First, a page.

Another seemingly scary provision is one that permits “the use of artificially administered nutrition and hydration”—or, more accurately, the withholding of it. Betsy McCaughey, founder of the Committee To Reduce Infection Deaths and former lieutenant governor of New York, wrote an influential (and, to many, misleading) critique of Hillarycare in the New Republic 15 years ago. She told me that the provision is a disturbing example of the government making decisions for the patient. But the bill specifically says that an order to withhold, say, an IV drip, must be one that “effectively communicates the individual’s preferences regarding life sustaining treatment, including an indication of the treatment and care desired by the individual.” In other words, a doctor can’t make you do it.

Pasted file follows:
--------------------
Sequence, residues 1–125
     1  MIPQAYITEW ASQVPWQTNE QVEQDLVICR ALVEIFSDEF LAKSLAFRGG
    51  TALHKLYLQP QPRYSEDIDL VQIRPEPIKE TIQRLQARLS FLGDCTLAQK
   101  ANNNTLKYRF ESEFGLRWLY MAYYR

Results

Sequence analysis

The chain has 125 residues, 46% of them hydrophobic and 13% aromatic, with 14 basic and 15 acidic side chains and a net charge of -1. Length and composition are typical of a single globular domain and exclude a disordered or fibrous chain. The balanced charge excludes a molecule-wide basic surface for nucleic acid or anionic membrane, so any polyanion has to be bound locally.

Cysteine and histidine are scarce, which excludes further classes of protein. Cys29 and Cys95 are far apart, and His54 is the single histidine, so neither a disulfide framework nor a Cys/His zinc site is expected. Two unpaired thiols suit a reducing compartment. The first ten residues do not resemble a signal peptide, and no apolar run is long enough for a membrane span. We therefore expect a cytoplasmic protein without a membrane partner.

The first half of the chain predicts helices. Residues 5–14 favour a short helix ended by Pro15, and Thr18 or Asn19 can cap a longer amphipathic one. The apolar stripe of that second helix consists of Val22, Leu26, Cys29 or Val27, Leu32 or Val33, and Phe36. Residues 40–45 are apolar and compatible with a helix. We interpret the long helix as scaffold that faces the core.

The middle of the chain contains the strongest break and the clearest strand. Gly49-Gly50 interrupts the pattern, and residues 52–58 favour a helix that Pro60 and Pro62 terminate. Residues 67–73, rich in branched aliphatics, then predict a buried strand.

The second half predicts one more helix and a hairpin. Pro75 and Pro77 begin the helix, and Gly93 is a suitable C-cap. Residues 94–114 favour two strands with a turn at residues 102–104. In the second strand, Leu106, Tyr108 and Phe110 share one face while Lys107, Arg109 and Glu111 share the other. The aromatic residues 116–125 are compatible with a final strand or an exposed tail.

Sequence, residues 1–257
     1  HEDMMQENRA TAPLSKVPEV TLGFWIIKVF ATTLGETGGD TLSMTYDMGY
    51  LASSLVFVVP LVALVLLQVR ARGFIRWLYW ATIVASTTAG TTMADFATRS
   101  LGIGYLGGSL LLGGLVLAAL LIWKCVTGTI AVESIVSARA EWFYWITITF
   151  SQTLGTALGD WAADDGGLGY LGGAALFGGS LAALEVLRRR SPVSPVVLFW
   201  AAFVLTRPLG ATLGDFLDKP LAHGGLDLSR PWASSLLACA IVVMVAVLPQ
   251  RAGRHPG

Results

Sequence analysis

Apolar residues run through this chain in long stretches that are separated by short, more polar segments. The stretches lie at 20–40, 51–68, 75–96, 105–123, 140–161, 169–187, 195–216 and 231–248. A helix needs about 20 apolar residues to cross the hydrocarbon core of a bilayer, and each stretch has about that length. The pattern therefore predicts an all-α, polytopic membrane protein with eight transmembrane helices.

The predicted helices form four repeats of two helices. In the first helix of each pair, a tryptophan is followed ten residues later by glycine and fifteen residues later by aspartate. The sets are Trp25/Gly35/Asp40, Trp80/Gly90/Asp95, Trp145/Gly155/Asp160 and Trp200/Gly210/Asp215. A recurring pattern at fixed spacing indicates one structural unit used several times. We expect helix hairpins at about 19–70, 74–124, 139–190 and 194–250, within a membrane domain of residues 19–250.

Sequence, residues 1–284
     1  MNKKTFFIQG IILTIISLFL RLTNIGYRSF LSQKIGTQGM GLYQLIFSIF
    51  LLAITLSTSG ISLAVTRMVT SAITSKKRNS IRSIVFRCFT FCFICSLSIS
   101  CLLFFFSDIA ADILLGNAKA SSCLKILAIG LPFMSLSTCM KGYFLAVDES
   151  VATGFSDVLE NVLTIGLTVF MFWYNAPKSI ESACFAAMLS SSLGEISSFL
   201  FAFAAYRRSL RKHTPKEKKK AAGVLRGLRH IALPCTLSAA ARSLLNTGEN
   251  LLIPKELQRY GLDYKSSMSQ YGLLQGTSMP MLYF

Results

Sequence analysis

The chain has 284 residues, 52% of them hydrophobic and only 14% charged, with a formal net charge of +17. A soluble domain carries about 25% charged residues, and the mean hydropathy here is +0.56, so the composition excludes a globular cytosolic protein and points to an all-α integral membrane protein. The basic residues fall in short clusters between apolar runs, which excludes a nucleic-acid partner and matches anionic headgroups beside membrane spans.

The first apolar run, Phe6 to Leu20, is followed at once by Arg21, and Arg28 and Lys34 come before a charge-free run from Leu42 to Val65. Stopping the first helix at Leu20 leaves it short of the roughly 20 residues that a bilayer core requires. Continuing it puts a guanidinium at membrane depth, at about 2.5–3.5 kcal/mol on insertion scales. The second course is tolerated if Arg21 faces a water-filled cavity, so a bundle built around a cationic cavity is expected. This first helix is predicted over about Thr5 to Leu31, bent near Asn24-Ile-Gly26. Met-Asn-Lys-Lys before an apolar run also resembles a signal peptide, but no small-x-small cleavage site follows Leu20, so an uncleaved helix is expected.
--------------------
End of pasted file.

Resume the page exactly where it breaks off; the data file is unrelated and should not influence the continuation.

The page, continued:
Read the rest of the article here.

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Freshman Senators From Colorado Get Smacked Down by Columbine Father for Support of Thune Gun Amendment

As reported by Glenn Thrush at Politico:

Denver Post Ad

 

 

 

 

 

 

 

 

 

The father of a Columbine massacre victim says he’s “disgusted” with Colorado’s freshman Democratic senators for voting in favor of the failed Thune Amendment, which would have allowed licensed owners to transport concealed firearms across state lines.

Tom Mauser, whose son Daniel was murdered a decade ago at the Littleton, Colo. high school, is featured in a full page Denver Post ad questioning the “yes” votes of Michael Bennet and Mark Udall.